James Joyce's short story Araby is a story about a young boy's first love. Joyce suggests that the world in which the boy lives, and the world in which all mankind lives, is a world that is inimical to dreams and ideals. Joyce, through his narrator's description of the street on which he lives, the priest and his belongings, and his subsequent revelation at the Araby bazaar, proposes this darker, deeper revelation of the world.
In Araby the narrator describes his home, and his street in a negative light, showing through imagery the inimical atmosphere of the world. The first object described in the story is North Richmond Street. The street is described as blind, a dead end. Joyce uses the street to show the repressive nature of the neighbourhood on adolescence. The street lamps lift a "feeble"Ã¯Â¿Â½ light to the sky (Joyce, 51) . The streets are described as cold, dark and muddy, hardly the places dreams are made of.
The atmosphere of North Richmond Street is highly oppressive and hazardous. The houses are "imperturbable (Joyce, 51) . The descriptions of the house and the neighbourhood reflect narrow-minded people who are blind to higher values. Joyce uses symbolic description of the homes and the neighbourhood to intentionally reflect upon the domineering force of narrow mindedness on ideals and the isolation that comes from such oppressiveness. Joyce also uses symbolic description in describing the priest and his possessions.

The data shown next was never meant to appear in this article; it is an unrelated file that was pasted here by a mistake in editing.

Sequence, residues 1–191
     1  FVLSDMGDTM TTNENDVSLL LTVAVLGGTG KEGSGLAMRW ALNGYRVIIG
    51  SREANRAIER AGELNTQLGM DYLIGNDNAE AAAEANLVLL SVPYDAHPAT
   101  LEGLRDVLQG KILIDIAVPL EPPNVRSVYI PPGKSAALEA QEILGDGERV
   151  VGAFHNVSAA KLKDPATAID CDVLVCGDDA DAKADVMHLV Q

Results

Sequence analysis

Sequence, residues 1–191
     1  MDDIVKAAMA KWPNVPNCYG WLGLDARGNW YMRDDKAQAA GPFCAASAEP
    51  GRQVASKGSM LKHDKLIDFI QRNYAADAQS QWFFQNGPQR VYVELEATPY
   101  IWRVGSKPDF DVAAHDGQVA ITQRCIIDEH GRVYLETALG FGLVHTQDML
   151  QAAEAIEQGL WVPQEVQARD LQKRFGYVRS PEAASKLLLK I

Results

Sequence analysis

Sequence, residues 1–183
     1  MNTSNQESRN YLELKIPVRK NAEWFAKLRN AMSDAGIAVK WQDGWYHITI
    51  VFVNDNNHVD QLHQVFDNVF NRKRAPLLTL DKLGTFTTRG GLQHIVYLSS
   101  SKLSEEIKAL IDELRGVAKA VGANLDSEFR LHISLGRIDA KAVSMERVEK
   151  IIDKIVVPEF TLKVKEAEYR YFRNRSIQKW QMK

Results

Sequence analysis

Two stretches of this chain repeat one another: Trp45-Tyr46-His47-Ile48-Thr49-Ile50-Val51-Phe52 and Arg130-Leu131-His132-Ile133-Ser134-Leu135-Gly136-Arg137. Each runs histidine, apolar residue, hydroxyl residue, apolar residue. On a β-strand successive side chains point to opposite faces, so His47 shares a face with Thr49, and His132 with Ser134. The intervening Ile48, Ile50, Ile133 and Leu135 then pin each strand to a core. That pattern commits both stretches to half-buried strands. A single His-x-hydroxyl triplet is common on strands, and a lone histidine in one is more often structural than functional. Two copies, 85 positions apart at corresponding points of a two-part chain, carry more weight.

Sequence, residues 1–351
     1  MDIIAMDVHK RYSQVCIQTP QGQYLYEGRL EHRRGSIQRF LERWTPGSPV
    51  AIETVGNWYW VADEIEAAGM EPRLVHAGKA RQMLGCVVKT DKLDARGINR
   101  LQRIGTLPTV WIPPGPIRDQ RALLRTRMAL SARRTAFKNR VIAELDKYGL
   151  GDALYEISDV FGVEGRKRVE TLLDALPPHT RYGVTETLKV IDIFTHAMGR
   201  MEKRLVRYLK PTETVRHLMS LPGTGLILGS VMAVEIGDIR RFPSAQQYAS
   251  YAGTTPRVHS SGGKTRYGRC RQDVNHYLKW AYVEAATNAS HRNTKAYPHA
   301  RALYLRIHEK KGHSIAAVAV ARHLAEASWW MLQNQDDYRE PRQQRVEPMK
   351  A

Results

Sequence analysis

Joyce uses symbolic description of the previous owner of the narrator's house, the priest, and his belongings to show the more vital and imaginative past, an age when stories and myths were encouraged rather than looked down upon as they are in the boy's present. The narrator describes a bicycle pump rusting in the backyard and books whose pages are yellowing with...